Preserving buildings, and not much else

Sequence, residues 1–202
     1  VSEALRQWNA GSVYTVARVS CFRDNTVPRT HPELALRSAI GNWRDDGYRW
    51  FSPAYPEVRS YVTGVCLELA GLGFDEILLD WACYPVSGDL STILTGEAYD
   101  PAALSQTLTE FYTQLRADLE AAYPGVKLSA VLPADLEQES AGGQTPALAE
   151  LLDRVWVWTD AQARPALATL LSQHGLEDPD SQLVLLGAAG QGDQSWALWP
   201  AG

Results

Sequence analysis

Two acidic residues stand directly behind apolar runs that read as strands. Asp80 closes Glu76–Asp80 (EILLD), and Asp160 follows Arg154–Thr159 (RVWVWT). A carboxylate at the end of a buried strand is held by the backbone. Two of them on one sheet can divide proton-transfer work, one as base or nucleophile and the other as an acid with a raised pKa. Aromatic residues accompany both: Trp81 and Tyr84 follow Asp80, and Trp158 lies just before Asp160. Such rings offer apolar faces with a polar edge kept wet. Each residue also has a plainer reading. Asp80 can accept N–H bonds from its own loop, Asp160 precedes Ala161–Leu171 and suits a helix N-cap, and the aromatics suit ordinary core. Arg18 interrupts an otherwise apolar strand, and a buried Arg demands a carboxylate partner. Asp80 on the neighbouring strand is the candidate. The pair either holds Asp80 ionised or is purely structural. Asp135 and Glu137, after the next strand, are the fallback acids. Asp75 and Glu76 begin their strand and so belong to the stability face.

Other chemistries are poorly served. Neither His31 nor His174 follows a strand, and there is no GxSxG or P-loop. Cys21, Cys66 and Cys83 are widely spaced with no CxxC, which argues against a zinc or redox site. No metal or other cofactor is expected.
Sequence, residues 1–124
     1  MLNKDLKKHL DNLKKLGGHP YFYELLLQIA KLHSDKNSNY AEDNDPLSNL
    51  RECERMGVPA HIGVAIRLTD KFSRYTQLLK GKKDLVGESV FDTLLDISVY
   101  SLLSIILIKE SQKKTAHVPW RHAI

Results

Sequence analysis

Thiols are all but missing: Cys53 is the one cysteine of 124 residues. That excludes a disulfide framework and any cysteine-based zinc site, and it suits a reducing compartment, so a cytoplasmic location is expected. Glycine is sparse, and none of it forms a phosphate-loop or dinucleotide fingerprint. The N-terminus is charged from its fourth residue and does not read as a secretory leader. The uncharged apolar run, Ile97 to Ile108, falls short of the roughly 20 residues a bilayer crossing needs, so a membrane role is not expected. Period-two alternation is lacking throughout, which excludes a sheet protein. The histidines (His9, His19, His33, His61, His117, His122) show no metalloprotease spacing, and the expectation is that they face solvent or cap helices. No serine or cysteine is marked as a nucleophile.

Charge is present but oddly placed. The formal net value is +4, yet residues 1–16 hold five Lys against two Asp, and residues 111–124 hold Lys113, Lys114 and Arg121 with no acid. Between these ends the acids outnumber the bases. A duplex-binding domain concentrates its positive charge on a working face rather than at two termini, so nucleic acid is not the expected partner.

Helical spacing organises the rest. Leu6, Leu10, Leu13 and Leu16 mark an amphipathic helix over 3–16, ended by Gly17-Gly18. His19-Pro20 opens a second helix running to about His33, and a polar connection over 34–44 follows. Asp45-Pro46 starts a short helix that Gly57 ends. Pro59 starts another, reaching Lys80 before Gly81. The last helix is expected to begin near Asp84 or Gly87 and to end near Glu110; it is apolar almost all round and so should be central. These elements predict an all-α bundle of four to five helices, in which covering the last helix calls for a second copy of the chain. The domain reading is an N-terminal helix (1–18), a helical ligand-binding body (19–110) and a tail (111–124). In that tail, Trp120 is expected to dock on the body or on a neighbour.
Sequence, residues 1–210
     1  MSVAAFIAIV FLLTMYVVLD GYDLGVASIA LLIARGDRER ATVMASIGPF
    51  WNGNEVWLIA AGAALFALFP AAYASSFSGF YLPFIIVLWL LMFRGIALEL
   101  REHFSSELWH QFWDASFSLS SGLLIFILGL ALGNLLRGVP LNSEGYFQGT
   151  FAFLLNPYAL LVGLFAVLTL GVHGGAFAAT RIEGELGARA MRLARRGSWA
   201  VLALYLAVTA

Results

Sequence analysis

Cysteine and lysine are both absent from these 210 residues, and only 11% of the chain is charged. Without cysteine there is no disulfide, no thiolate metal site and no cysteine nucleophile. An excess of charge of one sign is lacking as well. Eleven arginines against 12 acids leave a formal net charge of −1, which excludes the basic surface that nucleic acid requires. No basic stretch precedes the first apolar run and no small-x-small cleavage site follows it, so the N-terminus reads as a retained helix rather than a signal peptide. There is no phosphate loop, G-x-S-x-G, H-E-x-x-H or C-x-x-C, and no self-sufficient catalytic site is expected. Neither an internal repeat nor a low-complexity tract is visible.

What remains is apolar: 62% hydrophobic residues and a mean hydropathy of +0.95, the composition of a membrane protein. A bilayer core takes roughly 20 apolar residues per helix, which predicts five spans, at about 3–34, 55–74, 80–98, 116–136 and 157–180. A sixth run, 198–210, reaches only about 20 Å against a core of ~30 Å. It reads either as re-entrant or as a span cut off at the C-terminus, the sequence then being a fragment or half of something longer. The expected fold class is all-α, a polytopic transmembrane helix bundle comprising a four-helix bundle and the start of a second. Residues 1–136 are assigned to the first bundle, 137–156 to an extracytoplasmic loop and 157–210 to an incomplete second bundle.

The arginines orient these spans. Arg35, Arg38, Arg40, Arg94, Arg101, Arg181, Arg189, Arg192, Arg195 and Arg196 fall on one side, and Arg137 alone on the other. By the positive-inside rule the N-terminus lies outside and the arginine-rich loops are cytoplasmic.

It’s time to face at least one minor fact around here: We’re phony.”Phony” is spending lots of money to look like something we’re not. It’s being thankful that beauty is only skin-deep because there is always Botox. It’s the delusion that historical preservation in Aspen is maintaining anything other than our reputation as a fake.The Isis, the place where we escape into movies, represents our scheming well. The preserved facade on that modern Aspen cineplex goes only so far as to mark the time back in the late 20th Century when we believed, or at least convinced ourselves, that the town could be saved by keeping a few old bricks stuck together with some rotting mortar and bolting it to the face of a brand new building that’s air-conditioned, five-screen partitioned, and three times the size of the one it replaced. I am not ashamed to say that I am not so shallow in thought that this effort didn’t do much for me.Walking past or into the Isis these days I don’t get fuzzy feelings about old Aspen. Driving by, I don’t look at the aged bricks out front and wax warmly about golden days past. And this isn’t a complaint. I like watching movies there and I like having the choice of several to go to, plus they serve wine and beer. My point is: What’s the point? Looking at that structure, just what is it that I am supposed to feel or see that was worth all of the effort and cost that went into manufacturing it to resemble some artifact of our past?Was the cost of that “preservation” worth it? If that weak effort added significantly to the cost of the building, which I believe it must have, it served mostly to pile financial pressure on the owners. In our shortsightedness we forgot the old adage: a greed-head will never take a loss, they just raise the rents. So, that made it all the more difficult for a movie theater operator to run a profitable business there. If this is true, we have only our own well-intentioned selves to blame for being at the brink of losing it as a theater. It’s almost history. Nice work!If a small town leaves us with any lasting impression it’s because of the friendly people, cute restaurants, quirky little shops, and the like. It’s been so long since we’ve had any character here that we’ve forgotten what it is, but I think these things are what we are supposedly referring to. The buildings in real towns reflect the character of the people, not the other way around. We’re banging our heads against ersatz Victorian wainscoting here. Nice old-looking buildings will not bring back nice old people.Storefronts become quaint and charming in authentic towns because the same shops and restaurants reside in them year after year. No committee is telling them how to preserve dilapidated door jams and sagging soffit; they fix them so that they keep on functioning. The proprietors don’t have the time or money to build facades and their familiar patrons wouldn’t be fooled by them anyway.Charming homes are an expression of the people who live in them. When families reside in the same houses for generations, their past becomes manifest in the buildings’ appearances. For better or worse, this is what makes us feel comfortable. The appeal is in the familiarity that residents have with each other and the place they call home. You can’t regulate that, you have to foster it.Our stunning veneer is effective in continually attracting new people, but our empty soul isn’t enough to keep them. What you see is not what you get. Our ghosts may be well exercised, but they are living in good health elsewhere.I’m afraid that through all of our efforts to remain true to our past, we have become the bogus town that we formerly dreaded. We often laugh at Vail for being a faux Bavarian village, but honestly they are closer to being that than we are to being an old mining town. We’ve relied on a theme to re-build our town around. Themes are contrivances of reality. It’s all make-believe! Who did we think would be attracted to this? With every modern structure we’ve hidden behind the remnants of a few slats of old, splintered barn wood and crumbling bricks, we are less faithful to ourselves.In clinging onto the outside of the antique windowpane of our past, we pay great homage to the original land rapists and stock swindlers who came before us, while slighting the potential genius of our present. We have loved our Dear Lady to death for what she was. Inevitable? Maybe. That’s the easiest excuse to promote since we are to blame.Regardless, we will never know what Aspen could have been.Did Aspen evolve, or was it intelligently designed? Roger Marolt debates this at email@example.com
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